“Jeb Bush didn't misspeak -- he told the rest of America what Florida women have known for years, which is that he doesn't believe women's health is worth much.”- Statement from Eric Ferrero, Vice President of Communications for Planned Parenthood Action Fund
New York -- Planned Parenthood issued the following statement in response to former Florida Governor and GOP Presidential candidateJeb Bush’s remark that he is “not sure we need half a billion dollars for women’s health issues.”
Statement from Eric Ferrero, Vice President of Communications for Planned Parenthood Action Fund:
“Jeb Bush didn't misspeak -- he told the rest of America what Florida women have known for years, which is that he doesn't believe women's health is worth much.
“In three sentences today, Jeb Bush made it very clear that women will lose access to health care if he becomes president. These remarks show that Jeb Bush is no moderate. On women's health issues, he is just as extreme and out of touch as the rest of the Republican primary field, and the policies he supports would hurt women across the country.
“Just look at his record while Governor of Florida: He slashed funding for family planning, sex education and even teen self-esteem programs; signed six anti abortion laws, and passed a law in 2001 that forced single mothers --- including minors and rape victims --- to advertise their sexual history in the newspaper.
Bush’s comments came as he also noted that he would eliminate funding for Planned Parenthood’s non-profit health centers if elected. As of July in 2015, Planned Parenthood health centers in Florida have:
Served over 70,000 patients at Planned Parenthood
Provided 46,698 women with birth control services.
Conducted 61,051 STI tests.
Performed 16,583 breast exams
Of all 50 states, Florida is tied for last place in women's health. 34 percent of Florida’s 67 counties do not have any ob-gyns, and as of 2012, more than one million in Florida were in need of publicly supported contraception.
Jeb Bush’s positions on women’s health:
· As governor, Bush signed at least SIX anti-abortion laws into law and in 2003 declared that he was "probably the most pro-life governor in modern times.” He advocated for and signed targeted restrictions on abortion providers, one of which theTampa Bay Times editorial board wrote were “rules clearly written by bureaucrats, not health professionals.” Bush said that he signed the bill “gladly, with pride and conviction," because he was motivated to “create a culture of life in our state.”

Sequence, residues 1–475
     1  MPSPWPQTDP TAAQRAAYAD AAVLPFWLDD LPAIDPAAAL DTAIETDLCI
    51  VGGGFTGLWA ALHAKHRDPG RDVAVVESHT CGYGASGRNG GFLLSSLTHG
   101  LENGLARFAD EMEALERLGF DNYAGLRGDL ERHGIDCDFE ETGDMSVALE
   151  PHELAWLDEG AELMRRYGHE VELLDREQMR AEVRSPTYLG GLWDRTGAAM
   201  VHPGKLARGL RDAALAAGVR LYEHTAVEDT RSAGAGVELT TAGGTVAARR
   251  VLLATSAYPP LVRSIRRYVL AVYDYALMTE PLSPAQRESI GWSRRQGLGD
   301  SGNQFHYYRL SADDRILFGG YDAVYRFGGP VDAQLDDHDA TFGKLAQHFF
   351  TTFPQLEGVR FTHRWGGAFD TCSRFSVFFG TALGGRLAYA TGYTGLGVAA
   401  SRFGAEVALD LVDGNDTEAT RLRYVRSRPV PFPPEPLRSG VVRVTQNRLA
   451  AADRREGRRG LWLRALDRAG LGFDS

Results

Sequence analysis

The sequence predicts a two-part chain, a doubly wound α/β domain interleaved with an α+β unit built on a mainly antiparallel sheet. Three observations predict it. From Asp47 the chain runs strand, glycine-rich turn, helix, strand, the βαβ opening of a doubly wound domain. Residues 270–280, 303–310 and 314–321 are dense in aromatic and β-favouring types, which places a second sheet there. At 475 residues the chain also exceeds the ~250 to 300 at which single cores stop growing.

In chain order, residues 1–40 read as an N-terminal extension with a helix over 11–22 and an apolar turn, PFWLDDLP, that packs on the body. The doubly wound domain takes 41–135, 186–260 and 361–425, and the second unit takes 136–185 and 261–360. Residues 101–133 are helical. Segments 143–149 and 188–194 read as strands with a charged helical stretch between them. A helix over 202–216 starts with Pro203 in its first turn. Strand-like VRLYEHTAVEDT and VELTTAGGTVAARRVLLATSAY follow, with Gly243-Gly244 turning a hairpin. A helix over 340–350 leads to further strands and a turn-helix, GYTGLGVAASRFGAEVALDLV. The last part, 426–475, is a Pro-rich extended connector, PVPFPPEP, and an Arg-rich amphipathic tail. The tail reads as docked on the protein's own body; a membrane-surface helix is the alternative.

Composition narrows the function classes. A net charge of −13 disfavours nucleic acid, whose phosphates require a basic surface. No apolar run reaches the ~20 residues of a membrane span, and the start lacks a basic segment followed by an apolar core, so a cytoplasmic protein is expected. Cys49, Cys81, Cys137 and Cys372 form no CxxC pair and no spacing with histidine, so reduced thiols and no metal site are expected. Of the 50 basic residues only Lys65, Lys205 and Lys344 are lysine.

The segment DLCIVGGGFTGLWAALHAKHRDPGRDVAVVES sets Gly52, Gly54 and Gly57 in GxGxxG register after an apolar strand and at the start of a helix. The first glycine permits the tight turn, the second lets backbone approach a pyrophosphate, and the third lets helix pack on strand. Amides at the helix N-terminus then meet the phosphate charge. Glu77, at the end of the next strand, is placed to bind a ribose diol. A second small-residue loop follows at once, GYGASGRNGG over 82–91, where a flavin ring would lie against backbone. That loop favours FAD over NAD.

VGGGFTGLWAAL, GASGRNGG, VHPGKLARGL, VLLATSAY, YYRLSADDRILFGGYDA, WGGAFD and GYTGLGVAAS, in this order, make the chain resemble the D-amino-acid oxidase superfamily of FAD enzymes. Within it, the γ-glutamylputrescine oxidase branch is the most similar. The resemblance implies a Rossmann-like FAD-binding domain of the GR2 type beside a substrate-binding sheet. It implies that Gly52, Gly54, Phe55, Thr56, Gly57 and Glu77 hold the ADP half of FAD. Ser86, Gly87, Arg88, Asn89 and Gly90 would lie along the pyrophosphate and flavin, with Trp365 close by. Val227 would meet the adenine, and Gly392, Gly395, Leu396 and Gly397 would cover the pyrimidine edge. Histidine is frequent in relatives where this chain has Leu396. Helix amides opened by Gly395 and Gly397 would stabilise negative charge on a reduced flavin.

· As governor, Bush aggressively intervened in two high-profile cases to prevent a developmentally disabled rape victim and a young woman, who was a ward of the state and became pregnant after running away from another state group home, from being able to access safe, legal abortion. In one of those cases, he tried to get a state-appointed legal guardian for the young woman’s fetus.
· Jeb Bush intervened in what has been called one of the “most contentious, drawn-out conflicts in the history of America’s culture wars,” and attempted to take custody of Terri Schiavo and overrule her husband’s decision to remove her feeding tube, 15 years after cardiac arrest had left her in a vegetative state.
· Jeb Bush allowed a law to pass in Florida in 2001 that forced single mothers — including minors and rape victims — planning to put their children up for adoption to advertise their sexual histories in a newspaper if they didn’t know the identity of the father. Bush, who was Florida’s governor at the time, declined to veto the bill, which quickly became known as the “Scarlet Letter Law.”
· Bush wrote an entire chapter in his book on “character” called “The Restoration of Shame” about returning to a time when “public condemnation” was used to prevent people from “irresponsible conduct,” specifically targeting single mothers.